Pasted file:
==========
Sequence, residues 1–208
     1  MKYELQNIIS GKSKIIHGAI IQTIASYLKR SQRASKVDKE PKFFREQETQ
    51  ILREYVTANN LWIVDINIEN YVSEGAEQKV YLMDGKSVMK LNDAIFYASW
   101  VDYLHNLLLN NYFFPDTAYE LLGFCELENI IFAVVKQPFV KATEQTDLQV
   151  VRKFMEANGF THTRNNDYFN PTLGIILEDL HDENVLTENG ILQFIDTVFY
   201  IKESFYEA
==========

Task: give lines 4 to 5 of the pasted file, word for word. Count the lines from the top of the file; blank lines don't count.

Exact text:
   101  VDYLHNLLLN NYFFPDTAYE LLGFCELENI IFAVVKQPFV KATEQTDLQV
   151  VRKFMEANGF THTRNNDYFN PTLGIILEDL HDENVLTENG ILQFIDTVFY